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bed bugs

Is it the landlord's responsibility to deal with bed bugs?

Bed bugs are currently making headlines, with reports indicating their presence on public transport, in hospitals, and, inevitably, in people’s homes. The mere thought of them can be quite unsettling. It is crucial to adopt a practical and measured approach to address the issue and determine who should be accountable for eradicating these pests. 

What Are the Issues with Bed Bugs?

Bed bugs fall under the category of “nuisance pests.” While they do not transmit diseases, they are indeed bothersome to live with and challenging to eliminate. Measuring just 5-7 millimetres in length, these tiny creatures can easily infiltrate homes without detection. They can survive without food for up to six months, often remaining unnoticed until a full-blown infestation occurs. 

What Are the Signs of a Bed Bug Infestation?

Bed bugs tend to reside in fabrics such as furniture and bedding but can also lurk beneath pictures, loose wallpaper, or even on seats of public transportation. Due to their small size and nocturnal activity, spotting the bugs themselves can be challenging. Instead, it is often easier to identify signs of their presence. The NHS lists the following indications of bed bugs: 

  • Small, itchy bites on exposed skin, like the face, neck, or arms. 
  • Blood spots on bedding from inadvertently crushing the bugs. 
  • Small brown stains on bedding or furniture. 


Is It the Landlord’s Duty to Handle a Bed Bug Infestation?  

When tenants confront a bed bug infestation, their initial inclination might be to contact the landlord. However, determining responsibility for eradication can be unclear. A landlord’s primary obligation is to ensure that a property is habitable for tenants. If a landlord rents out a property already infested with bed bugs, the tenant has every right to request that the landlord address the issue and remove the pests. Consequently, landlords bear the responsibility for eliminating bed bugs before a tenant moves in. 

Infestations become the landlord’s responsibility if pests infiltrate due to property-related issues, such as missing roof tiles, broken vents, air bricks, or leaking pipes. This is typically easier to substantiate in cases involving pests like rats, where a clear point of entry can often be identified. If the landlord is deemed responsible, they must undertake the necessary repairs and arrange for pest control services. If the landlord fails to resolve the issue, the tenant may seek further assistance from the local council.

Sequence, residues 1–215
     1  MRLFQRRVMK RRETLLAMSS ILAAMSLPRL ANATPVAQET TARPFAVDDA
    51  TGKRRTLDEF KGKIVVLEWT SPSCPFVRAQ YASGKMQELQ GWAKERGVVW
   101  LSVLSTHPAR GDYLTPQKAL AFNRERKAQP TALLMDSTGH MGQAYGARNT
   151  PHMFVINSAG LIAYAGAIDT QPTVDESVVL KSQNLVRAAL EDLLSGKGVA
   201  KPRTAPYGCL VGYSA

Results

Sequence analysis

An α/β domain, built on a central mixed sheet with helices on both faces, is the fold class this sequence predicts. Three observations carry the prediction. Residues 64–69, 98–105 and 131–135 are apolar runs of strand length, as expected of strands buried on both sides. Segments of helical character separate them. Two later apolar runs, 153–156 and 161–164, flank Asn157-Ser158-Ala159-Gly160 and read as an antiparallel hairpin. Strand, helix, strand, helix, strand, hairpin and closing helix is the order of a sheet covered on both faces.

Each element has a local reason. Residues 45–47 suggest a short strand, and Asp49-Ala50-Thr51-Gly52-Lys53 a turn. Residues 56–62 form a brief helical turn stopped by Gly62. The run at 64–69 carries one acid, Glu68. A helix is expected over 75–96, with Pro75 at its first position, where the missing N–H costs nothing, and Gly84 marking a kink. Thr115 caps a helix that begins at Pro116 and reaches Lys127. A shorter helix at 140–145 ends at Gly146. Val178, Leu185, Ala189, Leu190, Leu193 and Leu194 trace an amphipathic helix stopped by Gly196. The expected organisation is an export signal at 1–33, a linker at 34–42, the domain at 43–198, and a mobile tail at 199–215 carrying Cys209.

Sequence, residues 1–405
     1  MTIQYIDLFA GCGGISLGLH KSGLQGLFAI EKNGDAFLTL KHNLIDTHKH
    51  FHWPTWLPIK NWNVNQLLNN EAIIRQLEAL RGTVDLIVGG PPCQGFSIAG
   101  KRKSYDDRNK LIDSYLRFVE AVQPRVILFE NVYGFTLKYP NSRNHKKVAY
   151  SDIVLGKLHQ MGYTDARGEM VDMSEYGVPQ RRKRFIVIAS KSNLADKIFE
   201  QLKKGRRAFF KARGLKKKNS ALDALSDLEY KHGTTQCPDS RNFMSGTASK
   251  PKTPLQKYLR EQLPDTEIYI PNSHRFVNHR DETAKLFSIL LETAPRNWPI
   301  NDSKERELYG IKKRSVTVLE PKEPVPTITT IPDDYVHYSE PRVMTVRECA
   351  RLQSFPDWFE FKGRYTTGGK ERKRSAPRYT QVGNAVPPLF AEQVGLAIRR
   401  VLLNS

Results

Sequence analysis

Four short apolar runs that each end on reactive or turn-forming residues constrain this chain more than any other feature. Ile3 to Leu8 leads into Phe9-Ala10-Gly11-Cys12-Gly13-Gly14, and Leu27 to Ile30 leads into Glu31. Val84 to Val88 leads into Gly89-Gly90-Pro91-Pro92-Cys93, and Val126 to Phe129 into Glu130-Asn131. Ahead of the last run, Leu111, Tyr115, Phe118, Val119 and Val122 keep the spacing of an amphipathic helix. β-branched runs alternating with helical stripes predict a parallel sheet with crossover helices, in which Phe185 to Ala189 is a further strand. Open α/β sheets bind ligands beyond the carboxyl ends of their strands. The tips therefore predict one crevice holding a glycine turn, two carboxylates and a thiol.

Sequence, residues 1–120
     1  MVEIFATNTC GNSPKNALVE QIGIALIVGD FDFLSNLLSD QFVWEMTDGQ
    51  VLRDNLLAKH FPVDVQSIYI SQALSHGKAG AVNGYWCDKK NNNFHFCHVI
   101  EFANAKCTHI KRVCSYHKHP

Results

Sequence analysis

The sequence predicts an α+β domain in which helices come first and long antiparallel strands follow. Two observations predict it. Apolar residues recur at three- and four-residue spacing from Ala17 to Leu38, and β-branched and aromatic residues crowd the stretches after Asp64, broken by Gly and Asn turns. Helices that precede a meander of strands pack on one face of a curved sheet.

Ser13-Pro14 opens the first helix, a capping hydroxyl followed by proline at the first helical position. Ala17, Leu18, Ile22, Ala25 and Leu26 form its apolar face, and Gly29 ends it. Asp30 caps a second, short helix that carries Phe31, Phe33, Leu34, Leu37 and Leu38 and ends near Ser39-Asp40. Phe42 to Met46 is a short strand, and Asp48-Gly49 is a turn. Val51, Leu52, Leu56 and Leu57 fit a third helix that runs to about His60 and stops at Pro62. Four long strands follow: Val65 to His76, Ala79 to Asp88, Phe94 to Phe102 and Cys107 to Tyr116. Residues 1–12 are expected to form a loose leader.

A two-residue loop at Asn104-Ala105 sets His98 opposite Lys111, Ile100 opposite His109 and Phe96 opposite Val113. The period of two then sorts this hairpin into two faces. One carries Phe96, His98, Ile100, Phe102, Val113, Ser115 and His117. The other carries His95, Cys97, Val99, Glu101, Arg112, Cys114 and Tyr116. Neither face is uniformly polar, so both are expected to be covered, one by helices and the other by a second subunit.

When Should the Tenant Assume Responsibility for Bed Bug Removal?

In cases where a tenant has resided in a property for an extended period, it is likely that they introduced the bed bugs themselves—unknowingly carried on luggage or brought in by a guest. Consequently, the responsibility for pest control and removal falls on the tenant. Regardless of the responsible party, the tenant should promptly notify the landlord to determine how to address the problem and maintain open communication throughout the removal process. 

How Can Letting Agents and Landlords Assist Tenants in Preventing Bed Bug Infestations?

It is advisable to regularly inform tenants about measures to safeguard themselves from bed bug infestations. Encourage tenants to: 

  • Wash bedding and clothing in hot water (at least 60 degrees Celsius) and tumble dry on a high temperature setting for 30 minutes. 
  • Freeze affected clothes and bedding for a few hours before washing. 
  • Clean and vacuum frequently, promptly disposing of the vacuum contents (as bed bugs can survive in the vacuum dust). 
  • Avoid clutter around the bed. 
  • Inspect all second-hand furniture before bringing it into the home. 
  • Refrain from bringing in clothes or luggage from places where bed bugs may be present. 

The information in this post is valid to the best of our knowledge on the date of posting. It is advised that you seek independent advice based on your individual circumstances. 

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